SEOUL-- South Korea is reviewing whether to further cut fuel taxes as inflationary pressure has built up amid surging energy costs, the finance minister said Thursday.
The government is considering whether to lower fuel taxes by a record 30 percent from the current 20 percent as oil prices have spiked amid Russia's invasion of Ukraine.
Early this month, the country decided to extend fuel tax cuts by 20 percent by three months until end-July in an effort to curb inflation. The tax cut is set to expire at the end of April.
"We are in the final stage of reviewing whether to expand a cut on fuel taxes," Finance Minister Hong Nam-ki told a government meeting.
He said the government plans to announce additional measures to curb inflation Tuesday, including increasing the number of items subject to import tariff cuts.
The presidential transition team called on the government to cut fuel taxes by 30 percent, citing the need to ease the burden on people.
Dubai crude, South Korea's benchmark, soared to US$108.38 per barrel Wednesday, up from $77.12 at the end of last year. It hit a yearly high of $127.86 per barrel on March 9. South Korea depends mainly on imports for its energy needs.
South Korea's consumer prices grew 3.7 percent on-year in February amid soaring energy costs. Inflation rose more than 3 percent for the fifth straight month, well above the BOK's inflation target of 2 percent.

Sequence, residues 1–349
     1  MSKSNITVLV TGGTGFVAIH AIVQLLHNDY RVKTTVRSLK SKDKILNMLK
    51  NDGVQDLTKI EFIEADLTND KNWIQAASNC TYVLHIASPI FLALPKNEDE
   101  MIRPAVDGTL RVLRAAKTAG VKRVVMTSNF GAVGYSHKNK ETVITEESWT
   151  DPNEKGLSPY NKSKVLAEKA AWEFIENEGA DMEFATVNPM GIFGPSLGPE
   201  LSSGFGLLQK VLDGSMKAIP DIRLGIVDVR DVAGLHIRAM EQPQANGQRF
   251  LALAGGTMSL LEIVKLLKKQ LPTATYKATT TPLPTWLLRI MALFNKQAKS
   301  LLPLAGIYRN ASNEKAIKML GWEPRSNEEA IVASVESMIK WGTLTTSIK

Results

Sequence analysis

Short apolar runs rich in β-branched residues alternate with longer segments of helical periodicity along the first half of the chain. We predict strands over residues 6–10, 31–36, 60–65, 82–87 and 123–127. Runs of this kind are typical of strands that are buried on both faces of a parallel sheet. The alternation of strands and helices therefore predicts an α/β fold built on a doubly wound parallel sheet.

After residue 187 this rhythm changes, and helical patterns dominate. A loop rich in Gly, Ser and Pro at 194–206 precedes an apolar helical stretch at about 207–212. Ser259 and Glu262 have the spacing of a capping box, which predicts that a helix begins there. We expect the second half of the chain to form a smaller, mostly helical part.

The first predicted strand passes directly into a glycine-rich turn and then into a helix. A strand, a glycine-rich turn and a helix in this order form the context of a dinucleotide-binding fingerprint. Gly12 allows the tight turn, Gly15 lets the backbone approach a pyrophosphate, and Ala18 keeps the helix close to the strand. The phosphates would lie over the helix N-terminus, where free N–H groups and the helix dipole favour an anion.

The Bank of Korea and the International Monetary Fund forecast Korea's inflation to grow 3.1 percent this year.
A 30 percent fuel tax cut translates to a reduction of 574 won (47 cents) per liter of gasoline at local gas stations.
The government earlier estimated the extension of a 20 percent fuel tax cut will likely reduce tax revenue by 1.4 trillion won.
The transition team projected tax revenue may fall an additional 700 billion won if the country decides to cut fuel taxes by 30 percent.
Meanwhile, E1 Corp. and SK Gas Co., two major importers of liquefied petroleum gas (LPG), announced Thursday they will raise the domestic supply prices by 140 won per kilogram in April, following surges in international prices. In March, the companies increased LPG prices by 60 won per kilogram.
Source: Yonhap News Agency